Afghan private sector: engine of development?
FAO-EU project launches farmer-run seed businesses, promotes state regulation of industry
6 August 2007, Gulbafa, Afghanistan – If there is any hope for bettering the lot of the average person in this shattered country, it is in the hands of people like Abdul Qader, village farmer turned entrepreneur and director of a small enterprise that aims to transform low crop yields into bumper harvests.
Mr Qader, who is also arbab or elected chief of the village, works democratically with 18 other villagers who are all founding shareholders in a small business called Hambastagi Private Seed Company. Their product, improved-quality wheat and vegetable seed, is in demand and they have made a profit in each of their two years of operation, selling over 500 tonnes of seed to local farmers in 2006.
No wonder Mr Qader is smiling and no wonder his cell phone keeps ringing as he speaks to visitors about business concepts like product diversification, credit and debt, margins, marketing and customer satisfaction.
"Afghans are entrepreneurial; they will take risks," says FAO technical advisor Sam Kugbei, the seed expert and economist who set up Hambastagi and seven other similar pilot companies in six Afghan provinces. If they are successful over time, the firms will serve as models for enough seed enterprises to serve the whole country.
Years of war and anarchy had bled the Afghan civil service of its best staff. Looters had stripped government laboratories and offices of equipment and records. The public sector ceased to perform its function of introducing improved crop varieties, especially the staple wheat, but also rice, maize and vegetables. Therefore, the government has taken a policy decision to privatize seed production and marketing while it ensures seed quality control and regulates the industry.
European Union backing
The European Union has financed two ambitious FAO projects to help this come about – phase one to bolster seed production capacity (2003-2006) and phase two to build a national industry with a seed policy, seed law and regulatory bodies (2007-2011). In total, EU taxpayers have invested €16 million in the projects, which pays for genetic material, staff, training, refurbishment of looted seed testing facilities, equipment and building materials. The Afghan government provides what staff and premises it can, and private seed company founders like Mr Qader and his associates invest their savings and contribute their own labour to build business premises.
As of mid-2007, the draft seed law was about to go before cabinet, a building for the National Seed Secretariat was being built in Kabul and the eight pilot seed companies were doing well. The fledgling enterprises, which after two years of life receive advice but no subsidies from the project, produced 4 000 tonnes of seed in 2006 – mostly high-yielding, disease-tolerant wheat seed. Considering that prior to 2004, the private seed sector was virtually nonexistent in Afghanistan, this is quite an achievement.
Let's talk to a satisfied customer to find out how they did it.
"I bought 100 kg of Mazar 99 wheat seed on credit from Hambastagi. The results were good and I'll buy from here again," declares farmer Ghulam Sadiq. "I used to buy from the government farm but now I come here because it is closer, the price is good and I don't have to wait for government people to sign this and that form before I can take the seed home." He adds that he is interested in a new product line Hambastagi will bring out soon – seed for the local eggplant, famous for its delicious flavour and cooking qualities.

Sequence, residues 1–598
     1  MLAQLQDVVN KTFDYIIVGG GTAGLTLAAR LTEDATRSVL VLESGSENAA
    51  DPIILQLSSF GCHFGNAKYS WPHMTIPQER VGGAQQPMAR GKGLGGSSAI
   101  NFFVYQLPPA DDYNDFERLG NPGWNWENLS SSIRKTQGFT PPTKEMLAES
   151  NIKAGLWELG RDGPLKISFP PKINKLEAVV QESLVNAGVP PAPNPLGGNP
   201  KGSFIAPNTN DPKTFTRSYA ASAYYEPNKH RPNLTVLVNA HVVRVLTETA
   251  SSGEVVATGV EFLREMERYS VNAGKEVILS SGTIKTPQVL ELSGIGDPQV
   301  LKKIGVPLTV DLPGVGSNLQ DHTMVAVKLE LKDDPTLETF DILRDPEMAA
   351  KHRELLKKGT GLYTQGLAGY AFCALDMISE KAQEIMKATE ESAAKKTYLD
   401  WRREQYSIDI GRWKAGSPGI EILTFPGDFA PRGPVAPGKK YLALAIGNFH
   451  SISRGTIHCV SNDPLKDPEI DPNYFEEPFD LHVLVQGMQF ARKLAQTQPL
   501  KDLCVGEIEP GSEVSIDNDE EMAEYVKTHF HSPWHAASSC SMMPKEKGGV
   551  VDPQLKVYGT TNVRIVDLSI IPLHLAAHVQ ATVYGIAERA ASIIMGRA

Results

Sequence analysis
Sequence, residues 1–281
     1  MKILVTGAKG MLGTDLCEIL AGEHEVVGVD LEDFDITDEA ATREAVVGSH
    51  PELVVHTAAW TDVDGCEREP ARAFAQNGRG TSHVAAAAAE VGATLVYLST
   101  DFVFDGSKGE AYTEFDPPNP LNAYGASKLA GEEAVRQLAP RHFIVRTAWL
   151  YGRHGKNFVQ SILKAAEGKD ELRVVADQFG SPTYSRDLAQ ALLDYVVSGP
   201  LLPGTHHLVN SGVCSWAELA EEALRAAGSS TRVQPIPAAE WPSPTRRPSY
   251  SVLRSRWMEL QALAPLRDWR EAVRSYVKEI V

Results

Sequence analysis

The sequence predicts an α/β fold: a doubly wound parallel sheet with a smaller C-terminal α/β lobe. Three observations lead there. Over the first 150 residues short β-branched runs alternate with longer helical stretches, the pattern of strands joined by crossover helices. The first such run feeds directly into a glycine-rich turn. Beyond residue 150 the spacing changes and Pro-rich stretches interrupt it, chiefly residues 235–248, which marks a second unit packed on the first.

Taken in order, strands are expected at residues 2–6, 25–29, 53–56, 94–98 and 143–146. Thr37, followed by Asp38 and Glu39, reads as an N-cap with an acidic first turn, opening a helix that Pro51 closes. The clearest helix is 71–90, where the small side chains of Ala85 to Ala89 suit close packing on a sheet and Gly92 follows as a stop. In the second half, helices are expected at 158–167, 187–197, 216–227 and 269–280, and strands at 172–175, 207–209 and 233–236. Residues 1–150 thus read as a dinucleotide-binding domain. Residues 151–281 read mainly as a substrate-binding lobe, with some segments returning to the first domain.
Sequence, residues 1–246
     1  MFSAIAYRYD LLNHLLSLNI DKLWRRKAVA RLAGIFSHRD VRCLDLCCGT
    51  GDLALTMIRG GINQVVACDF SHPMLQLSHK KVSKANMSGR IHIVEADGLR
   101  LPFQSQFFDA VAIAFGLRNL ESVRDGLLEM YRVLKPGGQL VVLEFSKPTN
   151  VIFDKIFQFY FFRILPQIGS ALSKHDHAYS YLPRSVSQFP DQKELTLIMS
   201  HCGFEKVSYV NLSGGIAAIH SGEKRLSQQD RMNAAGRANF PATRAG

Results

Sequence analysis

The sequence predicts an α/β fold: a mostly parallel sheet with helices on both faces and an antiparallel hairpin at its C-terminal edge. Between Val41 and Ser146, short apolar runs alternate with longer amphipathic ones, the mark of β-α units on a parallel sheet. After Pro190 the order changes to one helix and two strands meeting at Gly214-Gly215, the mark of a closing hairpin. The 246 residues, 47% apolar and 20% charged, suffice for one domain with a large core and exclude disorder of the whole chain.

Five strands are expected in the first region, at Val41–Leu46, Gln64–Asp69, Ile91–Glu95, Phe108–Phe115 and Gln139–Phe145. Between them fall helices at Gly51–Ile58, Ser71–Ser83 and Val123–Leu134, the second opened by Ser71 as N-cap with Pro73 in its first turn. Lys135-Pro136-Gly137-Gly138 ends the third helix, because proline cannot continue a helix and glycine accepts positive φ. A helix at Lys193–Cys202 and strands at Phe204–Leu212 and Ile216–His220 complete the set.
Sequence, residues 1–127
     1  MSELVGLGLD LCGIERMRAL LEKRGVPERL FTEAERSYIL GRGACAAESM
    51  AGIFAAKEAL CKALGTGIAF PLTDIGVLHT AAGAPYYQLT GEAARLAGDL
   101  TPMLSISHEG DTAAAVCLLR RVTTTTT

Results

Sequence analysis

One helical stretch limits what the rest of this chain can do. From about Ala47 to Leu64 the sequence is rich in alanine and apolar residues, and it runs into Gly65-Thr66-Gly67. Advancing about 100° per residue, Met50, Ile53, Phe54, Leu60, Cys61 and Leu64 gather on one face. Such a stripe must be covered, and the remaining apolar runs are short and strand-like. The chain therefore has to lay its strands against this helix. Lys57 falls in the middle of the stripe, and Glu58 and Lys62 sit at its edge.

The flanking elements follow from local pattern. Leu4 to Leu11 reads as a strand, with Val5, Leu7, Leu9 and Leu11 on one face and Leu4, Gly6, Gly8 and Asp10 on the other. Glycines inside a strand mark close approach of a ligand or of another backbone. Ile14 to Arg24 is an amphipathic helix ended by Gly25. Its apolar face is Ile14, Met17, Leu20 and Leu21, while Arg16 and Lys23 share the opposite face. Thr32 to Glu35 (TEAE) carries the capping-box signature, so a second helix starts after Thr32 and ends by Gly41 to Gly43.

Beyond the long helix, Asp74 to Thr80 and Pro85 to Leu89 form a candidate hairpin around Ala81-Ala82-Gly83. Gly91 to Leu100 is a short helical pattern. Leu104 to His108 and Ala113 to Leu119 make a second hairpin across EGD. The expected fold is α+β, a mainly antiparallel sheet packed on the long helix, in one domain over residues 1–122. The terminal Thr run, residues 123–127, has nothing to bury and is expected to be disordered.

"There are a lot of expectations riding on these projects," says Matin Behzad, an advisor at the Delegation of the European Commission to Afghanistan in the capital Kabul. "The private sector has a role to play and this will be the first time in this country farmers will have seed varieties created locally. And new crop varieties are going to lead to a massive jump in food production."
Mr Behzad explains that the EU wanted FAO to implement the projects because of the Organization's long association with the Afghan seed industry [since 1978]. "FAO takes the lead in everything including getting the seed law through parliament," he says. "We are very much interested and fully involved. As a humanitarian concern, rural development is one of our focal areas."
Seed's unique nature
It may be hard to imagine small companies dotted around Afghanistan supplying the thousands of tonnes of quality seed that this mainly agricultural country needs every year. Won't big Iranian, Pakistani, Indian or Western seed companies simply flood the Afghan market with mass-produced seed and undercut the fledgling companies?
Seed that grows well in one agro-climatic zone does not necessarily do well in another. Seed must be tested in local soil, weather and growing conditions to judge its potential in that area. This specificity opens opportunities for local seed producers who are savvy and efficient enough to produce and market a quality product suited to their own area. An added benefit is that local seed companies also give growing advice to farmers, augmenting or even replacing the government extension service.
This is not to say foreign seed companies don't promote their wares on the local market. But buyer beware. Kabul area farmer Mohammed Tahir tells the story: "One time I bought seed in a packet from India which was supposed to be onion. Do you know what I got? Garlic!"
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